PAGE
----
Biola docuseries gets green light

The Biola docuseries will capture the lives of six Biola students and is scheduled to air in September 2015 in Canada.

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Biola docuseries gets green light

Aaron Fooks/THE CHIMES

Aaron Fooks/THE CHIMES

Aaron Fooks/THE CHIMES

Sarah Pineda, Writer

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A production team working for Crossroads Christian Communications officially began filming a docuseries show on March 19 that will portray the day-to-day lives of Biola students.

After working with the California labor law, Canadian tax credits and Biola University to gain permission to film on campus, the docuseries crew will film campus life until graduation in May 2015. The series will air in Canada in September 2015 on YesTv and potentially air in the United States at a later time. Six students from different years and majors have been selected as cast members in the docuseries, as the show will document their lives as Christian students attending Biola.

“Usually you throw away the first couple weeks of filming because people are just getting used to each other and being on camera. I don’t think that’s the case with this group. We can start running very quickly with usable material,” said Jon Oleksiuk, producer of the docuseries.

The docuseries crew plans to film 10 hours a day, Monday through Thursday on campus. About 20 students from different concentrations in the cinema and media arts department are also contributing to the production of the docuseries. Students receive credit for an internship, along with mentorship from the lead staff of the YesTv production team, Oleksiuk said.

There will be signs and posters notifying students while filming at main locations on campus, Oleksuik said. However, if filming in the private areas, like dorms, Oleksuik will inform resident directors and resident advisors ahead of time so that students are aware.

“We’re going to try and put up boards to let people know where we will be filming so that we’re not invading privacy. But I mean, space is a public space and people that are walking through are knowingly giving consent to be filmed,” Oleksuik said.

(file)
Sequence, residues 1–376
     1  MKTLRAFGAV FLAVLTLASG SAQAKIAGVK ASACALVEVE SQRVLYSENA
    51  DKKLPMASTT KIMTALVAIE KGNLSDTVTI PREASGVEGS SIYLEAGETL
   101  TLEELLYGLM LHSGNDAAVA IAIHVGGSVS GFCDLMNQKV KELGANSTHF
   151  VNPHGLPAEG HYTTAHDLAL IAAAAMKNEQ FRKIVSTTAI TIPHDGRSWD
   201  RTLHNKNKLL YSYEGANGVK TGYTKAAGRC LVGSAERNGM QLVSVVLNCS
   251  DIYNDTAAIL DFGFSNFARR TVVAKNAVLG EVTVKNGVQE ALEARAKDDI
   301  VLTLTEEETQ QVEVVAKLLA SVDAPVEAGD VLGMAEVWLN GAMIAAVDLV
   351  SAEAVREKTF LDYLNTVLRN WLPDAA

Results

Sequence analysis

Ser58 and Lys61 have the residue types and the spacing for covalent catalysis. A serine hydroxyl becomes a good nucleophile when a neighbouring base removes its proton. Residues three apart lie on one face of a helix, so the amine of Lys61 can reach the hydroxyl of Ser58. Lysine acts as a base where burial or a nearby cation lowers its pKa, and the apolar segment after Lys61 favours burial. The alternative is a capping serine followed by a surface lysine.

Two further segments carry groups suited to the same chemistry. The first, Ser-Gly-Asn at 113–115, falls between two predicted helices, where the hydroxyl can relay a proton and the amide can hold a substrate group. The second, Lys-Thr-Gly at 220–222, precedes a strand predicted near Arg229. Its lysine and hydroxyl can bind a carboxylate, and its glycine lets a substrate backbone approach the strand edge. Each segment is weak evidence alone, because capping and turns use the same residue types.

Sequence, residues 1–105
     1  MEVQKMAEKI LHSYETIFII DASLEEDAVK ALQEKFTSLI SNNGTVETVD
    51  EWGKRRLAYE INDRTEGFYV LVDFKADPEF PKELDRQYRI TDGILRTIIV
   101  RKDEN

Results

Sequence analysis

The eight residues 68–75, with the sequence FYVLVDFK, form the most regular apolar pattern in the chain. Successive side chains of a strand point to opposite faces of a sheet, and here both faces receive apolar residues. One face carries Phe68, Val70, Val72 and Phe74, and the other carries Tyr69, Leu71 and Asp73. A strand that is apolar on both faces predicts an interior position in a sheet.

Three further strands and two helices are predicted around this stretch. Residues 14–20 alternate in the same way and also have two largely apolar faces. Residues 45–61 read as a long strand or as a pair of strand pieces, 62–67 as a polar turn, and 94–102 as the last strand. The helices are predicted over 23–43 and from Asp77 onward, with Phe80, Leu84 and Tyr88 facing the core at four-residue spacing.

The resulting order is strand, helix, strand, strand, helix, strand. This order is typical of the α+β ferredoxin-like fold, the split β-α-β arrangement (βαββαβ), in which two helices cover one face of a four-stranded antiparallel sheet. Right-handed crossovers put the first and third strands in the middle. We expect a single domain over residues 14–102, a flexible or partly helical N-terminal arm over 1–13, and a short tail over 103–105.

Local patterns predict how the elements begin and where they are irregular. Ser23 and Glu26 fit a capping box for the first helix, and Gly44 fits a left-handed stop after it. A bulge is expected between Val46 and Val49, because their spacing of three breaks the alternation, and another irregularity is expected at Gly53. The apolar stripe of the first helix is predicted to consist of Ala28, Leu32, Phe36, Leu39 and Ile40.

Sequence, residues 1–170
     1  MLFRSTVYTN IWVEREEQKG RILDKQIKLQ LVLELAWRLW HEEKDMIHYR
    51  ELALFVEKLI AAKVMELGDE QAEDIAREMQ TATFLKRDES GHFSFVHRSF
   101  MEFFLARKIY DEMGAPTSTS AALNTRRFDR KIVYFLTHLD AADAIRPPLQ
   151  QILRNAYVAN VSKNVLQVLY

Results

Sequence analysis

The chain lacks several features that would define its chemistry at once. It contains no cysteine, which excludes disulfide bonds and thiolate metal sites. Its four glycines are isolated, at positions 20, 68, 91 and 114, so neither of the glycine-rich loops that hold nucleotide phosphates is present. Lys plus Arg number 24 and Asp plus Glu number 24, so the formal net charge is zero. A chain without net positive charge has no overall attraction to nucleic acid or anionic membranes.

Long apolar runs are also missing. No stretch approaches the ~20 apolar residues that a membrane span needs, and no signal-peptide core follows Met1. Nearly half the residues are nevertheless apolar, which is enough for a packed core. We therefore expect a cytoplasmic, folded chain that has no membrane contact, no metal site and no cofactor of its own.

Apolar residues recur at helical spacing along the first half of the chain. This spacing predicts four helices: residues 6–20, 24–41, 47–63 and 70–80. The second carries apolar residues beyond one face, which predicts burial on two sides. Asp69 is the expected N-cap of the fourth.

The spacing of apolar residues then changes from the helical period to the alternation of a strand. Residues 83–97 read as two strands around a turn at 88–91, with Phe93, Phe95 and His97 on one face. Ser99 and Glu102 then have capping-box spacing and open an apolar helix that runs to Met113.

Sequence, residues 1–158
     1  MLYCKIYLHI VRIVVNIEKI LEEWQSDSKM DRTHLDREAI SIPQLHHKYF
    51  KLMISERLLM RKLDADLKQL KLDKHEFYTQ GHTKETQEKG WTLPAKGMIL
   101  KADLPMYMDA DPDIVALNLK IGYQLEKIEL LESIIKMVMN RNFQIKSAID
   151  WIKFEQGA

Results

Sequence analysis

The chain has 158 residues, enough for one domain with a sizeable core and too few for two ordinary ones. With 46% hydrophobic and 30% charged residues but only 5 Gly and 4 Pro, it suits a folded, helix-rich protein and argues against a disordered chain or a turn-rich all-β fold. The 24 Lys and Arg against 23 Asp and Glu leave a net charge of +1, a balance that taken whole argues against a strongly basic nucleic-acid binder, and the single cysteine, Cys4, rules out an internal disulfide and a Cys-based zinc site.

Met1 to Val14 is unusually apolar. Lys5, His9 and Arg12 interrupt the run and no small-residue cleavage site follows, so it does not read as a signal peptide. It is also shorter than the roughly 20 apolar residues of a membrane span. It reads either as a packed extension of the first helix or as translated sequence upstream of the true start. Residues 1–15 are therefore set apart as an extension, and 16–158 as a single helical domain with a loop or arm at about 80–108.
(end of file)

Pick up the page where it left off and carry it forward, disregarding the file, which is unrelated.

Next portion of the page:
If students have any questions or concerns regarding potentially being filmed, they can email Brenda Velasco, assistant director of public relations and internal communications, Oleksuik said.

Although there were originally 40 students selected for filming, the number became lower as Oleksiuk placed the students in groups that would create more chemistry on-screen. Over the past month, the funding agency asked the docuseries to narrow the students to six in order to follow their lives more closely rather than a big group, Oleksuik said. David Oh, sophomore journalism major, was one of the students who was placed as a secondary actor due to the cuts.

“It’s intense because since it’s a professional production, they have those cameras that scare you, you know the type which are so expensive you can’t even hold them and there are those reflectors to put you in the shade,” said David Oh, sophomore broadcast journalism major. “People are putting makeup on you and you’re sitting there shaking and once the cameras go on, there’s friends behind the set waving at you because you’re in a public place and it’s super awkward and scary, but it’s exciting and fun.”

Over the past month, the funding agency asked the docuseries to narrow the students to six in order to follow their lives more closely rather than a big group, Oleksuik said. As one of the last 12 actors, Oh was placed as a secondary actor after the final six cut.

“To get to meet these interesting people and make friendships with them is probably one of my favorite thing about this whole process,” said Oh.